On-the-job injuries sometimes prompt a lawsuit against a party other than an employer
When a person is injured while carrying out his or her duties at work and negligence is suspected, the victim will often file a lawsuit against the employer. But in some cases of negligence, a third party becomes the primary target of the lawsuit. That was the case with a personal injury lawsuit that was filed in December at the Philadelphia Court of Common Pleas.
Derrick Foreman, of Pottstown, Pennsylvania, was an employee of Haines & Company. On October 8, 2013, he allegedly suffered a injury caused by a defective bar on the Ryder truck he was operating. According to Foreman’s lawsuit against the Ryder truck corporation and the King of Prussia, Pennsylvania shop where the truck was rented, Foreman was injured when he attempted to grab a damaged and disfigured bar on the truck, which caused him to lose his footing and fall to the ground.
Foreman’s lawsuit claims that he sustained injuries to his head, including a concussion and abrasions. These resulted in frequent headaches, blurred vision and light-headedness. Foreman’s lawsuit also blames the fall for a fractured elbow, which has required corrective surgery and has limited his range of motion.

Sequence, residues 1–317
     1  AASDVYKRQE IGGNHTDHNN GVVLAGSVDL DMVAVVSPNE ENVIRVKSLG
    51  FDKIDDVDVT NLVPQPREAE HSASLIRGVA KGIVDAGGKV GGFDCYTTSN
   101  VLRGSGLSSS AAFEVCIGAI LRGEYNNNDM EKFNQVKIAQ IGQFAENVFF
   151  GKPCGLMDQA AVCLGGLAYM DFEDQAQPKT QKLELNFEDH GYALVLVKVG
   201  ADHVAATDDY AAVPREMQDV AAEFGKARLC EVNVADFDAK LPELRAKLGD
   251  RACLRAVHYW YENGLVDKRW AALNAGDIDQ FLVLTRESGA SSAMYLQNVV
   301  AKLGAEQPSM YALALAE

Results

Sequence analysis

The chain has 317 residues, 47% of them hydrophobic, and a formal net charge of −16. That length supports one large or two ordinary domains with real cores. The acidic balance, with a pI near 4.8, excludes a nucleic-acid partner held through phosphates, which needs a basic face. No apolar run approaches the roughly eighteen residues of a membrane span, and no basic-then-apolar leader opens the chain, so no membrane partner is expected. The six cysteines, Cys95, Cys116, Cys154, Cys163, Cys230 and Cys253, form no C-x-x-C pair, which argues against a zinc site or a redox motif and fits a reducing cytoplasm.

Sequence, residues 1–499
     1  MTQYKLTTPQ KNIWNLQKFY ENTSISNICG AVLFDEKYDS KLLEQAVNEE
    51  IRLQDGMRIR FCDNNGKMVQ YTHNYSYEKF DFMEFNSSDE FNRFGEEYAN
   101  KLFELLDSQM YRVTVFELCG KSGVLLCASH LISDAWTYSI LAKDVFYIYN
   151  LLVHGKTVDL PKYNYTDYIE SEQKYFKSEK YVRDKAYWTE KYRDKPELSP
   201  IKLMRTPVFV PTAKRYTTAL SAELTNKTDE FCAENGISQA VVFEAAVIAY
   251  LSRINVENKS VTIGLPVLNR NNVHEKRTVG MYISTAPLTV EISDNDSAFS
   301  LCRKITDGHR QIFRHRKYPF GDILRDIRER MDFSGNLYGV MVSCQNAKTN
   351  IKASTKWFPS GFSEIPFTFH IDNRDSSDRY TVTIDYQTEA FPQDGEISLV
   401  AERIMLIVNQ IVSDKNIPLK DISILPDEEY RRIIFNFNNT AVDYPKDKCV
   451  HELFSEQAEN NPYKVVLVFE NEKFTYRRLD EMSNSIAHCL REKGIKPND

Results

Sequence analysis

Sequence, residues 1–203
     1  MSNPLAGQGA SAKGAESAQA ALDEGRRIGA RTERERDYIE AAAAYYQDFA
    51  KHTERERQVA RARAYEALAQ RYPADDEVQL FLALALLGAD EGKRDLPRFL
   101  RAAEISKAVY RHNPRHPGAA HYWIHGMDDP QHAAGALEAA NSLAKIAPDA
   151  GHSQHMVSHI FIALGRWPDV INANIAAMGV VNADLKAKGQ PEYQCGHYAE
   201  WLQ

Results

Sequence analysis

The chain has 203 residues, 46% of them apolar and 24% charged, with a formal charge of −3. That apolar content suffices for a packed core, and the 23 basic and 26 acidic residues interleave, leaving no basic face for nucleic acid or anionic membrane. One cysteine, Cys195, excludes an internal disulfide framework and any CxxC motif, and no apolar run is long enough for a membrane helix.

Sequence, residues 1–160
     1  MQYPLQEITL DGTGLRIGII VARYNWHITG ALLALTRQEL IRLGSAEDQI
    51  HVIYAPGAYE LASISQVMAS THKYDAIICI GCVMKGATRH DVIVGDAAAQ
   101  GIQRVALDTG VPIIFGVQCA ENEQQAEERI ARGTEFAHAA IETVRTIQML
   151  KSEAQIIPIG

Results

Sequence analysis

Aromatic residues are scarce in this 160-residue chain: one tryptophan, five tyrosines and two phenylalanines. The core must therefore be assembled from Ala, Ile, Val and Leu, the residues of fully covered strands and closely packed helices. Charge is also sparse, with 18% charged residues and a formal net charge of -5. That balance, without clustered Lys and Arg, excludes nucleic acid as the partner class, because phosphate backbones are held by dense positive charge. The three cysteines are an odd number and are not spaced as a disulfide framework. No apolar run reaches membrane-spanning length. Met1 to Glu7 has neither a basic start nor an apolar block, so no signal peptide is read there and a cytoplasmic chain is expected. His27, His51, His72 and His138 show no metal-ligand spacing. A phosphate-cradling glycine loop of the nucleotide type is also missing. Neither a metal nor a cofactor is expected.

Foreman claims that Ryder did not properly inspect its vehicle before leasing it to his employer. The complaint goes on to claim that Ryder had advance notice of the defective grab bar and had ample time to correct the problem (and thus spare Foreman his injurious fall). The complaint concludes that Ryder, through its negligent and reckless actions, breached its duty to provide a safe vehicle to third-party users.
A work-related injury can be more complex than a simple employee-versus-employer equation. An experienced personal injury law firm, particularly one with expertise in worksite accidents and industrial negligence, will be able to determine where a complaint should be directed in order to obtain the maximum possible compensation.